The Demon and the City

Reviewer: Jake Beal

Author: Liz Williams

Published: 2006

Reviewed: 2008-07-31

Publisher: Night Shade Books

The excellent novel "The Demon and the City" continues Ms. Williams'
exploration of a world where high technology and traditional Chinese
mysticism blend together dangerously. I keep seeing the word
"cyberpunk" tossed around in reference to these books, but I think its
use is inappropriate. To me, cyberpunk is all about attitude and the
relative position of the characters within their world. Usually,
there is a technologically enabled breakdown of societal order, and
the protagonists are unwilling participants in a greater game who are
trying to find some way to survive the conflict of great entities. In
Ms. Williams' world, all of the lack of social order is merely the
continued realities of developing nations, and the protagonists, while
small compared with the corporate and bureaucratic entities they are
entangled with, are always taken seriously as potential players. I
would, in fact, categorize this book as something more like a standard
sci-fi/adventure novel, with police work as the hook: it's too upbeat
for noir and too grandiose for police procedural.

"The Demon and the City" begins with a new supernatural case in the
city of Singapore 3, this time being worked by the demon Zhu Irzh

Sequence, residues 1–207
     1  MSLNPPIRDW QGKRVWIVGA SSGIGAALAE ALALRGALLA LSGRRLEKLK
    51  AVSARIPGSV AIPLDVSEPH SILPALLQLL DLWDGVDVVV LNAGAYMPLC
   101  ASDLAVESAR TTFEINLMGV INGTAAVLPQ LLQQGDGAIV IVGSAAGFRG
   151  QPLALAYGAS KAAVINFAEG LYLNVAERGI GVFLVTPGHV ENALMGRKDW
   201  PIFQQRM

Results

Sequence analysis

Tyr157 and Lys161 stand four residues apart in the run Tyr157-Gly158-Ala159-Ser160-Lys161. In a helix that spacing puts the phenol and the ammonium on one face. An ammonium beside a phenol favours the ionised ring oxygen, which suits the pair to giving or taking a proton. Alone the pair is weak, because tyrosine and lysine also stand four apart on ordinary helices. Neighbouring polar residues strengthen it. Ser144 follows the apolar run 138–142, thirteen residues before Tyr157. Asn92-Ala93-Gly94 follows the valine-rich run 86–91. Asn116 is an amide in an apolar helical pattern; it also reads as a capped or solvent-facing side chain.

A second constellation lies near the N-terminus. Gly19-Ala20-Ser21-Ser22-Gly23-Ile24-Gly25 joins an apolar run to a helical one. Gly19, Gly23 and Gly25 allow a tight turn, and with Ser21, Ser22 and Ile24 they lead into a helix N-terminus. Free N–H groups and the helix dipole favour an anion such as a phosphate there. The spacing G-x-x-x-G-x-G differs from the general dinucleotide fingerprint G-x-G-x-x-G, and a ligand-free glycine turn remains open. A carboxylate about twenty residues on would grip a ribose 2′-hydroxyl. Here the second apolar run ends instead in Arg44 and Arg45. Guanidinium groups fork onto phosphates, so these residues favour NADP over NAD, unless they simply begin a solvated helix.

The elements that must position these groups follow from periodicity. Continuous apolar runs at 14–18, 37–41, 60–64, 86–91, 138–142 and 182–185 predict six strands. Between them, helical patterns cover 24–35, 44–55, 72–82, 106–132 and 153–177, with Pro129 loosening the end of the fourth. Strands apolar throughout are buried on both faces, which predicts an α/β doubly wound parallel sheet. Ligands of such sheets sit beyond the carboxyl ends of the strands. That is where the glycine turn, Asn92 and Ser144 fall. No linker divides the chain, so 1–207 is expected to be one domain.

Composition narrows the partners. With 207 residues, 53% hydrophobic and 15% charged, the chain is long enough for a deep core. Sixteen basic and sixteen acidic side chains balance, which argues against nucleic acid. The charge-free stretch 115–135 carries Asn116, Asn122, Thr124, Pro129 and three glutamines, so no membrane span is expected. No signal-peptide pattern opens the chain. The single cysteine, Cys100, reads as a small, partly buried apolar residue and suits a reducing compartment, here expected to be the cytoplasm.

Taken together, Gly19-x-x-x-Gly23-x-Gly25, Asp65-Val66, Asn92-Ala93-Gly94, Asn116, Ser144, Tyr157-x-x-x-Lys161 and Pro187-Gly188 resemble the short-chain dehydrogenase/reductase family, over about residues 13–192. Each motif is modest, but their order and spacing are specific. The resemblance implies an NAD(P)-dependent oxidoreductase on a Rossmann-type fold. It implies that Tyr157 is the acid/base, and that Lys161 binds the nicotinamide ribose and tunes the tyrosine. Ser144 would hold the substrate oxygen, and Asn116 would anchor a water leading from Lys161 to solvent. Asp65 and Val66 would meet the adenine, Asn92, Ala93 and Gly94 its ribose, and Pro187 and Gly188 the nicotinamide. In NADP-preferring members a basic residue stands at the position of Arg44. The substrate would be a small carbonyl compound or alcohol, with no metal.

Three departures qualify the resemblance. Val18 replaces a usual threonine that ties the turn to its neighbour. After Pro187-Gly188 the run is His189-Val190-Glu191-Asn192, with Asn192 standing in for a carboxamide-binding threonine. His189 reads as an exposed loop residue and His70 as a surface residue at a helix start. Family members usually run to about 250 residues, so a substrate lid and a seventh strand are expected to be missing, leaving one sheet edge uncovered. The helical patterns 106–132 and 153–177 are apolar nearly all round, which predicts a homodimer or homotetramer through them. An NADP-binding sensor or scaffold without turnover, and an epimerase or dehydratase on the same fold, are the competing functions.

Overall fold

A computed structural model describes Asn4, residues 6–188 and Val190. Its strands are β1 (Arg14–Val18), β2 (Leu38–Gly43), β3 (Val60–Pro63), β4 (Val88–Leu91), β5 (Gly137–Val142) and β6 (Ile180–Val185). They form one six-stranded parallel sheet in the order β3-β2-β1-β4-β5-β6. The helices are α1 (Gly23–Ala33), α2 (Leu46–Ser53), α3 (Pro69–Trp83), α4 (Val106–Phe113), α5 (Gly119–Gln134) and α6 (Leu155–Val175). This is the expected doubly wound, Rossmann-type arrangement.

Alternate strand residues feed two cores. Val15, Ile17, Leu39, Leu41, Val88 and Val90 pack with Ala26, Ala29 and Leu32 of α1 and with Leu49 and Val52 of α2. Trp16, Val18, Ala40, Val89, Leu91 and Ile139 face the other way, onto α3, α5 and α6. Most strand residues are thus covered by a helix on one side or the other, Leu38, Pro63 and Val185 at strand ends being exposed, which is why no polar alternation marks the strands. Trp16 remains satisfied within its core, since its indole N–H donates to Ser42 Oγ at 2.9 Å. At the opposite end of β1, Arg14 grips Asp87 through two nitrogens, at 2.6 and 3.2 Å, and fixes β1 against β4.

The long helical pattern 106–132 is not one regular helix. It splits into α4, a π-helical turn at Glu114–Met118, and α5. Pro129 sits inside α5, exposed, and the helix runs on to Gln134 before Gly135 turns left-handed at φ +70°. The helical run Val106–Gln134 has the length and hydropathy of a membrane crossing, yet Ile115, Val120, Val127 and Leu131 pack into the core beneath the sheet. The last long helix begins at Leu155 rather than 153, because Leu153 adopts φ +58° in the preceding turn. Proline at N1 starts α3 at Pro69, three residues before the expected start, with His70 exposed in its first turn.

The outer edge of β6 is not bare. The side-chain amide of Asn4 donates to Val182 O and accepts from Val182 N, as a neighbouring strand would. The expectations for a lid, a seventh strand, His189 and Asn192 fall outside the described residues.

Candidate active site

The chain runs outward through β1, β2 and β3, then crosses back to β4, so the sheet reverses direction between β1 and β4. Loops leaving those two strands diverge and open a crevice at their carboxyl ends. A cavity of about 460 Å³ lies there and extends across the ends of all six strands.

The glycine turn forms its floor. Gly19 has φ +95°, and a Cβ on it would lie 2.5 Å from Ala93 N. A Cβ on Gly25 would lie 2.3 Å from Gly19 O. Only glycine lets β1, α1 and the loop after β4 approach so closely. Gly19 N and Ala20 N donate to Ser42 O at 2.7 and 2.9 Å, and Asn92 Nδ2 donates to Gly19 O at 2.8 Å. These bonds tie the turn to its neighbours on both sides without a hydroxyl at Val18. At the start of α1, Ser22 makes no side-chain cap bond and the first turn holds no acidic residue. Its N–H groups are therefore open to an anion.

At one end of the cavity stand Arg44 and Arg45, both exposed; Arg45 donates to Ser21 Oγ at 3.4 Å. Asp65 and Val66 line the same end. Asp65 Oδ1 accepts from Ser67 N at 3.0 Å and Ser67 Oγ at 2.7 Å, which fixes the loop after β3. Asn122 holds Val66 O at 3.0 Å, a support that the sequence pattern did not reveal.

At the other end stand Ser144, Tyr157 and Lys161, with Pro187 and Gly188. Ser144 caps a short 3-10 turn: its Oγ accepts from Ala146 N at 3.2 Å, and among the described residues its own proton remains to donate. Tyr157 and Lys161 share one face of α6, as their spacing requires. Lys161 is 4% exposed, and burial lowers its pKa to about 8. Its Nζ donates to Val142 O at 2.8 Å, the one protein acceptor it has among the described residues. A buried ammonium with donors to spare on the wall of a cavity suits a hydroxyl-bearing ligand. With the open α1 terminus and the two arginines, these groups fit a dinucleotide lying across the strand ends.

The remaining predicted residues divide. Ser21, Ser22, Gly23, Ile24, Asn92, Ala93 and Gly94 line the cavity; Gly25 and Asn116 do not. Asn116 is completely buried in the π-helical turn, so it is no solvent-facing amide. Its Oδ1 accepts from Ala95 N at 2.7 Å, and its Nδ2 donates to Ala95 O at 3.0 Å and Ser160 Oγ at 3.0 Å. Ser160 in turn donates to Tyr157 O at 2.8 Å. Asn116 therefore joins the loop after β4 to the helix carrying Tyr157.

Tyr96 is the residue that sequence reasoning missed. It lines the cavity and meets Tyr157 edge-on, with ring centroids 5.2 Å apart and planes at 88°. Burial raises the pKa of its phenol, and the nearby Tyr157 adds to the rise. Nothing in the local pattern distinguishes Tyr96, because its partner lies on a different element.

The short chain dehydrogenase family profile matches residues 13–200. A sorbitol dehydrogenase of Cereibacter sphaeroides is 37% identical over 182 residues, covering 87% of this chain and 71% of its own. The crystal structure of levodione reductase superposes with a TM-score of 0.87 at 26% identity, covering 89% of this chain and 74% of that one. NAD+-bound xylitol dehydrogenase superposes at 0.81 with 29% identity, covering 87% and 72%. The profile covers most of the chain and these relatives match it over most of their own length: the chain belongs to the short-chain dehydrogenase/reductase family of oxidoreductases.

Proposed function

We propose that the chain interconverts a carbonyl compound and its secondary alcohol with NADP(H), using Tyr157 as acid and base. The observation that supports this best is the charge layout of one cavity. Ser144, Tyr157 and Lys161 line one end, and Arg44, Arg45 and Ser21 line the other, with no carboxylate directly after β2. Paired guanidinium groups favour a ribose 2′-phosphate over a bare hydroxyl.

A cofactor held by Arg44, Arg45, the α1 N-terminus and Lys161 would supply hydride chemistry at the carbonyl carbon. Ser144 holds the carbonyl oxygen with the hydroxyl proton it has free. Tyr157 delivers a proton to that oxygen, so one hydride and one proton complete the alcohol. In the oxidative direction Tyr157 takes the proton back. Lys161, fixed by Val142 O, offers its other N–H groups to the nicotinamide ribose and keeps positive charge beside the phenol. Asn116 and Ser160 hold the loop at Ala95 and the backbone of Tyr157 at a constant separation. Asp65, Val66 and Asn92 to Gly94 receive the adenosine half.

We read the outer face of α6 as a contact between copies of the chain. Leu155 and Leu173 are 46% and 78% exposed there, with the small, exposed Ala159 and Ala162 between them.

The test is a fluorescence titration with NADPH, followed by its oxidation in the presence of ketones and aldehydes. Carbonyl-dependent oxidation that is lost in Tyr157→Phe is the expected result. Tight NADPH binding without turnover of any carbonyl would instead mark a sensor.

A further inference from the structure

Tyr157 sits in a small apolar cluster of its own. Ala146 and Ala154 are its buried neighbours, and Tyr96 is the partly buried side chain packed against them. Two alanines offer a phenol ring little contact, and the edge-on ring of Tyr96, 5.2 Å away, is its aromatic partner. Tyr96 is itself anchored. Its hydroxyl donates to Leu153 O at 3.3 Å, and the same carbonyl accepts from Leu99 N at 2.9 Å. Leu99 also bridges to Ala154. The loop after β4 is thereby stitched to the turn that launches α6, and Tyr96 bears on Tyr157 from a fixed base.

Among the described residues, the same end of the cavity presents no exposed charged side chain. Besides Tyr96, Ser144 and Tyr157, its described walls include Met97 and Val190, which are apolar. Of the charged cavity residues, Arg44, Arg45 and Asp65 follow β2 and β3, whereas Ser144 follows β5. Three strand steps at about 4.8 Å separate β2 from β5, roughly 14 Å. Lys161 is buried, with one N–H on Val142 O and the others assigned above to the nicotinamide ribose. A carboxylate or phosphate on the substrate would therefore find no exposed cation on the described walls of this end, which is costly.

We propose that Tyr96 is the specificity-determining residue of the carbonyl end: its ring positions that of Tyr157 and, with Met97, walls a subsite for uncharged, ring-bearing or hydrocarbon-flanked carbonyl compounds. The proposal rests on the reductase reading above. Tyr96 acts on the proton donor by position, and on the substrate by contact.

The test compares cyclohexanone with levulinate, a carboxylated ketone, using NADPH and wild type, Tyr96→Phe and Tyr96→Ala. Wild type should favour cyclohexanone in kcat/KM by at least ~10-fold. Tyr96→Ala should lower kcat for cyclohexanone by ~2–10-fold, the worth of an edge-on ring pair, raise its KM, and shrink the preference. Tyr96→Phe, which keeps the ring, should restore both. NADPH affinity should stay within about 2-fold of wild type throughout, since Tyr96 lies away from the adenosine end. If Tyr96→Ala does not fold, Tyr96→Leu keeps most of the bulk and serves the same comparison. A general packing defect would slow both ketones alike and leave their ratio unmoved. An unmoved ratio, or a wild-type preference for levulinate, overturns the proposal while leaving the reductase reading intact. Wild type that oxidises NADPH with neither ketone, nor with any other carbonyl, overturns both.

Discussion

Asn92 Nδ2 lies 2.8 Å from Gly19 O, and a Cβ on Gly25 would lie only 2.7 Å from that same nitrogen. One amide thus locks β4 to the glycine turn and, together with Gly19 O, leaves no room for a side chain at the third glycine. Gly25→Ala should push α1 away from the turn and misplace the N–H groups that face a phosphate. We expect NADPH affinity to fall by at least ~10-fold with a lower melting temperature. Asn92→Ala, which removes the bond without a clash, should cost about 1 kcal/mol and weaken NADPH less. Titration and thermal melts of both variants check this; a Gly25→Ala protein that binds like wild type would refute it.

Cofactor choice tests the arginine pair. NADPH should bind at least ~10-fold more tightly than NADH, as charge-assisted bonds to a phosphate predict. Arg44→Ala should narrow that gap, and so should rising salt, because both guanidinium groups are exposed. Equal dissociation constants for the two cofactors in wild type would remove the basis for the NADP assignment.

while Detective Chen is on vacation. Ms. Williams then sets off on a
story that explores more aspects of the complex and intriguing world
she has constructed: the relationship between Chinese mysticism and
the supernatural of other nations (apparently there are extradition
treaties), feng shui, the politics of Celestials, family relations
with the afterlife, and corporate power. Weaving it all together is a
mystery that blows up into something that (surprise!) threatens the
entirety of the current order.

In my review of her first novel, "Snake Agent," I complained about a
few things that are mercifully absent in this book. I shall not even
recall them any further, except to say that I applaud the improvement
in her writing craft. I might even recommend starting with this book:
it contains no spoilers for the previous one (except that all of the
key players survive, which was never much in doubt) and is much better

For myself, I enjoyed it very much and plan to read the next in the
series as well. Perhaps by then Ms. Williams' craft will have
improved yet further and she will have figured out how to generate
tension without threatening the world.